Why South China Sea belongs to no countries but China

Posted on August 13, 2012


Experts reject Vietnamese author’s sovereignty claim over islands

A South Vietnamese (Republic of Vietnam) manning the weather station in the Paracel island prior to being robbed by China in 1974.

Experts have rejected a recently published Vietnamese book that claims Vietnam’s sovereignty over the Nansha and Xisha islands in the South China Sea.

In the 400-page book titled Mark in the East Sea, the author Tran Cong Truc, former chairman of the Vietnamese government’s Committee for Boundaries, claimed that Vietnam established and exercised sovereignty over the Nansha and Xisha islands in the 17th century, Vietnam’s People’s Army Newspaper reported.

The book also claimed that Vietnam was “the first country in the world to possess” the Xisha and Nansha islands, the Hanoi-based Viet Nam News reported.

However, Truc’s claim was rejected by Li Guoqiang, deputy director with the Research Center for Chinese Borderland History and Geography at the Chinese Academy of Social Sciences.

“China has indisputable sovereignty over the Xisha and Nansha islands because China discovered and named the area 2,000 years ago, which is much earlier than Vietnam,” Li said.

China’s fishing and voyaging in the area started as early as in the Qin Dynasty (221BC-206BC), and China started to have jurisdiction over the islands at least in the Tang Dynasty (618-907), according to Li.

He also pointed out that the islands that many Vietnamese history books claimed Vietnam discovered in the 17th century were actually not the Xisha and Nansha islands, but other islands and shoals near the coastal area of Vietnam.

In fact, the Vietnam government admitted China’s sovereignty over the Xisha and Nansha islands between the 1950s and 1970s, and Vietnam’s then prime minister Pham Van Dong even recognized China’s sovereignty over the area in an official letter in 1958 to the then Chinese premier Zhou Enlai, Li told the Global Times.

Zhuang Guotu, dean of the School for Southeast Asian Studies at Xiamen University, told the Global Times that Vietnam made repeated claims over the sovereignty of Xisha and Nansha islands because of the enormous economic benefits in the area, as well as the important geographic location of the area in international shipping.

By 2008, Vietnam had harvested more than 100 million tons of oil and 1.5 trillion cubic meters of natural gas in waters off the Nansha Islands, China Economic Weekly reported.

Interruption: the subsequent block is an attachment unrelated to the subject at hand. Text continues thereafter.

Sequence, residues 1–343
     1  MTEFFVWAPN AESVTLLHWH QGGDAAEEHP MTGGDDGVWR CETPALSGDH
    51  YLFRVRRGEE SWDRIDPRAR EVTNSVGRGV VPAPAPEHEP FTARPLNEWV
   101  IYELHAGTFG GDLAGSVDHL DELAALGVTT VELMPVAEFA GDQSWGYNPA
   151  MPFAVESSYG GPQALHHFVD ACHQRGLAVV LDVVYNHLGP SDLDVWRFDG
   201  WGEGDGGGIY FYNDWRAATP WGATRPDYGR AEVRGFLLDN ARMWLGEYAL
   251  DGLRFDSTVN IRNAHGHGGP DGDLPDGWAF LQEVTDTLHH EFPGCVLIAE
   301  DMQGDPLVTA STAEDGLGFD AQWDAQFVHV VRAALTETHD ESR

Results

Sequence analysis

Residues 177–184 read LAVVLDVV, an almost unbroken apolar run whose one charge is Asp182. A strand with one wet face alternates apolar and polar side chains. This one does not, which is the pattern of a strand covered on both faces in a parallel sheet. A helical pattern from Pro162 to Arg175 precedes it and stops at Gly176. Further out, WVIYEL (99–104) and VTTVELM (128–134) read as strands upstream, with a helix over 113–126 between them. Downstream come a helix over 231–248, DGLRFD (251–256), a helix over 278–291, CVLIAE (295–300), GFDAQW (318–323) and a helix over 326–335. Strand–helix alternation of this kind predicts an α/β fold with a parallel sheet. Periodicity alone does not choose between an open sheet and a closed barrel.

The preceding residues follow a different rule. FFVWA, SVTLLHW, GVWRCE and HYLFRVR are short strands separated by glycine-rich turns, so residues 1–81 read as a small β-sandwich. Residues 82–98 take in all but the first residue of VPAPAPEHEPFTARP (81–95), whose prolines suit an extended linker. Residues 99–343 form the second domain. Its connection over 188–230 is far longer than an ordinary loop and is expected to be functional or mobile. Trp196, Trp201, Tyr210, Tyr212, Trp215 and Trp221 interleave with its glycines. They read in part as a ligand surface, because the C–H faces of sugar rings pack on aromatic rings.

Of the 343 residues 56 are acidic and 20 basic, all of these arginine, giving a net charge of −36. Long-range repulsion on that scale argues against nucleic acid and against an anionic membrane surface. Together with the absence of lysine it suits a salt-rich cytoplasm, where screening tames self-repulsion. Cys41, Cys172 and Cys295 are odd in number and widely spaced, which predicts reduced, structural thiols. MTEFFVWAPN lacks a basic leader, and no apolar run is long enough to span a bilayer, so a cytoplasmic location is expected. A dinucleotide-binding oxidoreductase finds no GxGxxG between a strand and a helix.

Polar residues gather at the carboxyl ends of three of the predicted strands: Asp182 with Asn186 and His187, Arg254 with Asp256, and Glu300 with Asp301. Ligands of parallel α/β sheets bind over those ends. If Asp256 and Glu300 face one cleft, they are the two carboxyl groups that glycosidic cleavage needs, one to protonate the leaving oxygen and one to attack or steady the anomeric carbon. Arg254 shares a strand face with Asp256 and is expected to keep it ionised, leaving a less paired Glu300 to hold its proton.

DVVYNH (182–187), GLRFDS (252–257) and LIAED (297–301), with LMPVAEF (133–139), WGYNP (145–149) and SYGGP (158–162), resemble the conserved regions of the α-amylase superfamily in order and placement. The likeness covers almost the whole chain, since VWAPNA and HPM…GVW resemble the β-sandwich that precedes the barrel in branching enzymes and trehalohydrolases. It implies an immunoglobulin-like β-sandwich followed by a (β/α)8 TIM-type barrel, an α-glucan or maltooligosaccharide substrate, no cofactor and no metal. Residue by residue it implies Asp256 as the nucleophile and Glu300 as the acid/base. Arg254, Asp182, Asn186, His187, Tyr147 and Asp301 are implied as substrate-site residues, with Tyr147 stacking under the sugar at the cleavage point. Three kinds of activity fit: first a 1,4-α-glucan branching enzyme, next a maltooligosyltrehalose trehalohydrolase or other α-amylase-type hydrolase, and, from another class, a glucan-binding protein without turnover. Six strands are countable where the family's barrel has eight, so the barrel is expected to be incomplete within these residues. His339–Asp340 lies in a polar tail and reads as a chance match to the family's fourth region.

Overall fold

Ling Yuhuan

US should not send wrong message in South China Sea

Marking of Vietnam’s sovereignty over the Paracel archipelago prior to 1974

The US State Department issued a statement on Aug 3 that criticized China’s recent move to set up the city of Sansha and its garrison as “running counter to collaborative diplomatic efforts to resolve differences and risking further escalating tensions in the region”. Of course, the China refuted the criticism.

China enjoys undisputable sovereignty over the islands and their adjacent waters in the South China Sea. This is based on historical facts as well as relevant international laws. As early as 1959, China established the special office of Xisha, Nansha and Zhongsha under the Guangdong province’s jurisdiction to exercise administration over the islands and their waters. Setting up the city of Sansha is just upgrading the previous administrative body to a new level.

Further, it is usual practice in China to establish a military garrison at the level of a city like Sansha. It has nothing to do with US interests, and the United States has no right to make comments like this. It cannot be viewed in China in any way other than as interference in China’s domestic affairs.

In recent months, the United States was busy with its so-called pivot to Asia, taking various measures and using every opportunity. With regard to the South China Sea disputes, the US stance seems to me to be self-contradictory.

On one hand, the US has announced time and again that the US takes no position towards the territorial disputes in the South China Sea, and in spite of the Philippines’ repeated appeals, the US did not intervene directly in the dispute between China and the Philippines over Huangyan Island.